Explorations in Calculus

Alzar School | 03.09.13

Calculus is the mathematics of change. In algebra and pre-calculus, students study relationships where one quantity changes relative to another, such as the position of a train leaving Chicago changing with time. By looking at where that train is at two different times, we can explore the idea of rate of change in position with respect to time. That idea is known to most of us as speed. In calculus, we take things a step further and notice that in many cases the rate of change is changing, or speed is variable. Isaac Newton is credited for much of the development of modern calculus, as he needed new mathematical strategies to explain just why that apple was not only falling, but falling faster the further it traveled.

       I know what you’re thinking: “Gross!” right?

The word “calculus” seems to strike fear in the hearts of Algebra students, and understandably so. It is somewhat like learning a new language just to dissect the meaning of everything. Our definitions and notations incorporate the entire English alphabet and half of the Greek letters. P is different than p, which is different than p’, dp, pi, or p(x) or the Greek letter ρ that looks just like p, only rounder. On top of that, there are goofy new symbols and subscripts and not a complete sentence to be found.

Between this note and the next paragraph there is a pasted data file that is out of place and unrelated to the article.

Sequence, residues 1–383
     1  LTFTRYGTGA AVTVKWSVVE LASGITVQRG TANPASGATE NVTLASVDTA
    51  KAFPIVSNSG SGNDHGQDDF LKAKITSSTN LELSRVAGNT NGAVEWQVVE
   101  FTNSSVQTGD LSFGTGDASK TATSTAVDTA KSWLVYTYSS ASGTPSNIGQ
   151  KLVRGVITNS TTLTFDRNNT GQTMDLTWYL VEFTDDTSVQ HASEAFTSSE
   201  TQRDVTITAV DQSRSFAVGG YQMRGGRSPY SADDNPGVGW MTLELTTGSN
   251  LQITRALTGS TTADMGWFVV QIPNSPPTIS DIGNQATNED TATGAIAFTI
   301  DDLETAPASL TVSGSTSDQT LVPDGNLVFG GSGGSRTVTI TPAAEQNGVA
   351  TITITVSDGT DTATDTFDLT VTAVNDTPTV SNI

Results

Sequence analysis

But when the script can be translated, read aloud, and understood, calculus is an incredibly powerful tool for evaluating many very real and practical problems.

This semester, we don’t have an AP Calculus course. Our most advanced math student has been there, done that. So the analytical foundation has been set to explore applications to real-world problems. We are just wrapping up unit 1 in Multi-Variable Calculus, where we’ve explored numerous applications of integral calculus and discussed when and why it is appropriate to use these techniques to solve problems.

Among these topics, we are finding the length of lines to draw curves and the surface areas of bizarre curved shapes, such as vases. We look at the physics idea of “work” and study situation where forces or shapes are changing. We’ve learned strategies to find the center of mass for objects with curved edges and tapering thicknesses, such as kitchen knives. Lastly, knowing that water pressure is a function of depth, we’ve learned how to calculate the total force on a submarine porthole, an aquarium, or a parabolic turbine gate on Hoover Dam.

Study guide for the Applications of Integration unit

Students in every math classroom in the country ask: “when am I ever going to use this?”

At the Alzar School, we aim to answer that question every day.

-Dan Thurber, Alzar School Math Teacher